Link to Owner Dr. Robert B. Pamplin Jr.



Walt Williams says involving residents is key to life i city that sits just south of Lake Oswego.

REVIEW PHOTO: COREY BUCHANAN - Walt Williams was sworn in as mayor of the City of Rivergrove on Jan. 20. 'I try to put my vision secondary to the vision of the city,' he says. 'I think they already know what they want, and I want to help them develop that.' During a meeting last October, Walt Williams asked members of the Rivergrove community a flurry of rhetorical questions.

"I said, 'What kind of community do we want to be? What do we want the city to be known for? What do you want that to look like? The room went silent," Williams recalls.

The silence was natural, he says now. He hoped listeners would ruminate on the questions, and he didn't expect a response.

"To me it was rhetorical," he says. "But I got responses. People came to me and said, 'I felt that question.'"

As the new mayor of Rivergrove, Williams says he hopes to continue to evoke that kind of reflection and lead the community in a considered direction.

Williams, along with new Councilors Dave Pierce and Jeff Williams, ran unopposed in November and the council agreed to appoint Williams as mayor. They were all sworn in on Jan. 20, with Williams replacing former Mayor Heather Kibbey.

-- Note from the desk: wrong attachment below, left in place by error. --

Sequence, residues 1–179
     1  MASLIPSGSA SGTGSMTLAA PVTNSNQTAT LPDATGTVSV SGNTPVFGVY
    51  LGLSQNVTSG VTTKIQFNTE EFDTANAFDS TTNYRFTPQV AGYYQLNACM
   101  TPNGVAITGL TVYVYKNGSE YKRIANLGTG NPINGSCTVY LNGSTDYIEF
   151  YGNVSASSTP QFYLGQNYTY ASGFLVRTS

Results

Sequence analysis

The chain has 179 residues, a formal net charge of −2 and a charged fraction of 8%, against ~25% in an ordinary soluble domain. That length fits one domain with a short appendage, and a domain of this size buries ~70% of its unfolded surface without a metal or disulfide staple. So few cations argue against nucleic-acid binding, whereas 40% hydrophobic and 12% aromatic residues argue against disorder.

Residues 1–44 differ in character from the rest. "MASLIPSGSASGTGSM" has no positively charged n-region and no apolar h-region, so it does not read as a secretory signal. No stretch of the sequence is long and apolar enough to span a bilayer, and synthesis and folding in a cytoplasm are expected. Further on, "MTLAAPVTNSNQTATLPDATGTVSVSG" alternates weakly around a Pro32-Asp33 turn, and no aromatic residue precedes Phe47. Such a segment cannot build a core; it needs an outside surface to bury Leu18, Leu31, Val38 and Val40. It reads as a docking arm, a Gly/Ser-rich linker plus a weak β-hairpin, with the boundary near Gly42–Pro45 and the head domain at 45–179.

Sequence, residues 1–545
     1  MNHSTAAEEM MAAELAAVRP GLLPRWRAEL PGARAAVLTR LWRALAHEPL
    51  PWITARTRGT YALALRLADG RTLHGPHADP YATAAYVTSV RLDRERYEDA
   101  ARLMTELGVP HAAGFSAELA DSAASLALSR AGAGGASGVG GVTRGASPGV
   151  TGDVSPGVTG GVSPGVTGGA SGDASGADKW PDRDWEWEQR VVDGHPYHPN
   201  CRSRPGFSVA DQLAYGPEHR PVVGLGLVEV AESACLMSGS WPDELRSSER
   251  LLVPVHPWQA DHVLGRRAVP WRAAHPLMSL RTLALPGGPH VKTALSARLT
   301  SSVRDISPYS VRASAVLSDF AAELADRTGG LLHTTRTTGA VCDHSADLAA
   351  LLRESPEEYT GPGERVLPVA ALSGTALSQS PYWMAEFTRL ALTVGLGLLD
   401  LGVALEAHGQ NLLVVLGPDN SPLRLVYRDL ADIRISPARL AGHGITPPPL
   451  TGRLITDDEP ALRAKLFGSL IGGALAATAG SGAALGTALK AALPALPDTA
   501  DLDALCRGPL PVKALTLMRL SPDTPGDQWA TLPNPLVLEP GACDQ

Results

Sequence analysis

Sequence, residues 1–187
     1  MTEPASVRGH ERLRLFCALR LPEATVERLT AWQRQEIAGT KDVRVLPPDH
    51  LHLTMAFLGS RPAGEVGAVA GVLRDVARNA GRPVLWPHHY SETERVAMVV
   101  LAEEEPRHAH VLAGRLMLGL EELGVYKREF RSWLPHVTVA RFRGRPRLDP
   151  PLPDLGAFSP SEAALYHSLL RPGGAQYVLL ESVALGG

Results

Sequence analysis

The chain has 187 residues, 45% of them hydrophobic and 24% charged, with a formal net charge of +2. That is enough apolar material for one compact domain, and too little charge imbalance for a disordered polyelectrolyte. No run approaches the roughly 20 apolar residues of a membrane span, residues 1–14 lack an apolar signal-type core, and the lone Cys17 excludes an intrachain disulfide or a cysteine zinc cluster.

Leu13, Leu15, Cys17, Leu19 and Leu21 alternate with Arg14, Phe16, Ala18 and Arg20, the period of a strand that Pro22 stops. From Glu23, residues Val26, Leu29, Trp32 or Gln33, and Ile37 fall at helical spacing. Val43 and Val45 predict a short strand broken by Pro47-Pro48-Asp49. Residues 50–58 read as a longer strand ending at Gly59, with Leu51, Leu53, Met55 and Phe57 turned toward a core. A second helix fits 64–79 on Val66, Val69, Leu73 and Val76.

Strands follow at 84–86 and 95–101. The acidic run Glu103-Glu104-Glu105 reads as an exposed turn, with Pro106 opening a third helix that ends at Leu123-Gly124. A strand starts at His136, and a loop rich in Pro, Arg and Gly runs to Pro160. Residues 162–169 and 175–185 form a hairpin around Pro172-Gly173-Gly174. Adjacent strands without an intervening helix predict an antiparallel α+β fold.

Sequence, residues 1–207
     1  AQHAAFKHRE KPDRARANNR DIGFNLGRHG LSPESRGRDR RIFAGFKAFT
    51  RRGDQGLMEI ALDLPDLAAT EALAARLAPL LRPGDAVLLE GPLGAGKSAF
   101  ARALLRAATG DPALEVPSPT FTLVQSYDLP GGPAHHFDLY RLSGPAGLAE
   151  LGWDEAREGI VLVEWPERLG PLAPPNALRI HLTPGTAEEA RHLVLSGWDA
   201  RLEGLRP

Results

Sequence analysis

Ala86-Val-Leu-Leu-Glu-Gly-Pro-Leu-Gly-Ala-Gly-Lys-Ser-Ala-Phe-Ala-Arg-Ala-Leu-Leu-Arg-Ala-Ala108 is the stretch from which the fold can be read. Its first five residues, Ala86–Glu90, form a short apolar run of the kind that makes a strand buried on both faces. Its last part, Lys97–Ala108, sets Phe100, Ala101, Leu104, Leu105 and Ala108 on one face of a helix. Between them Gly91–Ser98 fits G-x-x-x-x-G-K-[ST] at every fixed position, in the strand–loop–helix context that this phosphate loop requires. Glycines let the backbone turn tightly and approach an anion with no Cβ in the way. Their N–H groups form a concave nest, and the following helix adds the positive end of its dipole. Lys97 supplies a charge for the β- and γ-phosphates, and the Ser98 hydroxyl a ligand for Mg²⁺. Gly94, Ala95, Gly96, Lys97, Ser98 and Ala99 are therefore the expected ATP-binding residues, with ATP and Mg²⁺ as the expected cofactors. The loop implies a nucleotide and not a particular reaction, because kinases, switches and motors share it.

"Every single person on the City Council is competent, is passionate about the city, and any one of them could have been mayor. They voted for me, though, and I'm honored," Williams says. "I'm trying not to mess up the job and do the best I can."

The City of Rivergrove is located near Lake Oswego and Tualatin and next to the Tualatin River. According to the U.S. census, it had a population of approximately 370 residents in 2017.

"We get to affect our own change. We get to accept our own ordinances," Williams says about the benefits of Rivergrove being a small city rather than part of a bigger city. "We have more control over that instead of a bureaucratic one that serves only a portion of the community."

Click here to read the rest of the story in the Lake Oswego Review.

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